Cyberbullying — the use of social media to abuse others —has become a global phenomenon. It often results in mental health risks, including depression, anxiety and even suicide, for some vulnerable children, adolescents and young adults.
Cyberbullying occurs when people hide behind fake identities to bully their prey online. Additionally, any material posted to the internet can reach an audience of millions within seconds, putting your child at risk. To learn more about cyberbullying, the University of Miami Miller School of Medicine partnered with Four Winds Hospital in Westchester County, New York.
Fifty adolescents between 13 and 16 years old completed the study, filling out questionnaires assessing trauma and cyberbullying. More than 80 percent of children had access to a cellphone, and 20 percent of the children admitted to being a victim of cyberbullying, while only 6 percent admitted to being a perpetrator.
Those children who were victims of cyberbullying had higher levels of depression and anger than those who were not victims of cyberbullying. Additionally, those who were victims of cyberbullying were significantly more likely to report a history of emotional abuse than those who were not victims.
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What does this mean? Parents, pediatricians, teachers, school counselors and all mental health professionals need to ask children about cyberbullying. It is rare that children and adolescents will initiate the topic of bullying or cyberbullying on their own. Therefore, it is our responsibility to begin the conversation.
Your first step as a parent should be to ask your child what social media platforms they are using. Kik, WhatsApp, Instagram, Snapchat, Tumblr, Twitter, Google+ and Facebook are some favorites for teenagers. Keep in mind that just because your child is not using one, like Facebook, does not mean he or she is not using another.
A particular social media application is often more common in a certain school. Your child's school counselors may be aware which social media platforms are most popular in your child's school. Parents should reach out to school counselors to find out more.
You need to be vigilant in screening online activity, and this requires developing a strong relationship with your child to get an honest answer as to whether they are victims or perpetrators of cyberbullying. Children will often deny cyberbullying out of fear, embarrassment and shame, but continue asking your child if they or their friends are experiencing cyberbullying.
Asking children about their friends may help them open up and discuss issues they may be going through. They may admit to being a bystander to cyberbullying. Asking what your child has witnessed can also provide insight into what is occurring in their social circle. Once your child tells their experience, share this information with their school.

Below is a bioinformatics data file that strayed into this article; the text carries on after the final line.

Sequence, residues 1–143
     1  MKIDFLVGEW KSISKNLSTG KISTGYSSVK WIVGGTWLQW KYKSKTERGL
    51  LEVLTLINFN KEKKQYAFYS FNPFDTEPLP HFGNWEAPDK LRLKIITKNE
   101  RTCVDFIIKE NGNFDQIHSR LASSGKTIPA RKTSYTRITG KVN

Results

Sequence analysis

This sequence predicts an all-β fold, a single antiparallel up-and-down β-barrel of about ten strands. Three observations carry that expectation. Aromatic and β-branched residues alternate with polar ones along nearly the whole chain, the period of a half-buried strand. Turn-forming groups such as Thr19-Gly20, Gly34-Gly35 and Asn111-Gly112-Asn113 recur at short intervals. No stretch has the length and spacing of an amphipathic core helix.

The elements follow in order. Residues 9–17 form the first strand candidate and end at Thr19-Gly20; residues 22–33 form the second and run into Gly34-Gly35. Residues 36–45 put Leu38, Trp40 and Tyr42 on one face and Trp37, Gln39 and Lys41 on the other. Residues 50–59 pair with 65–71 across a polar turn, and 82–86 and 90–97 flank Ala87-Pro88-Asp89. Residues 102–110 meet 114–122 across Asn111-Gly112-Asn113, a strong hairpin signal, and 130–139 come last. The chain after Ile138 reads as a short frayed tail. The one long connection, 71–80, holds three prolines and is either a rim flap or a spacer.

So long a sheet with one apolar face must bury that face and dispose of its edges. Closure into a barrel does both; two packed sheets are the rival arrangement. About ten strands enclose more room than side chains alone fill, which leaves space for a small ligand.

As you continue to monitor your child’s online presence, here are tips to guide you:
▪ Frequently check in with your child about which online applications they are using and check their online profiles.
▪ Become familiar with whether these applications are age appropriate.
▪ Do not be afraid to ask your child specifically who they are communicating with.
▪ Look for changes in behavior, as this may be a sign of bullying. Aggression, isolation, excessive crying, changes in sleep or appetite, grade changes and loss of interest in previously enjoyable activities may be signs that they are victims or perpetrators.
▪ Communicate with your child’s school and other professionals in your child’s life to see if they have information about victims or perpetrators of cyberbullying.
Whether your child is the cyberbully or the victim of cyberbullying, they need help. Children who are perpetrators of cyberbullying may also suffer from depression, anxiety and trauma. While we want to make sure their behaviors stop, we also want to find and treat the root cause of their cyberbullying.
Cyberbullying is a real problem facing children and adolescents, and it may exacerbate mental health issues. Ultimately, we must prevent cyberbullying by teaching children how to effectively and safely engage in social media. We must protect our youth by ensuring that they are not communicating with strangers. And we must collaborate with other parents, pediatricians, schools and mental health professionals to ensure that children get help who are suffering from the mental health consequences of cyberbullying.
If you suspect your child has been bullied or is a cyberbully and needs medical assistance, call 305-355-9105.
Samantha Saltz, M.D., is chief child and adolescent psychiatry fellow and Philip Harvey, Ph.D., is director of psychology at the University of Miami Health System. David Pogge, Ph.D., is director of psychology and outcome research at Four Winds Hospital, New York. To learn more, visit umiamihospital.com/specialties/psychiatry.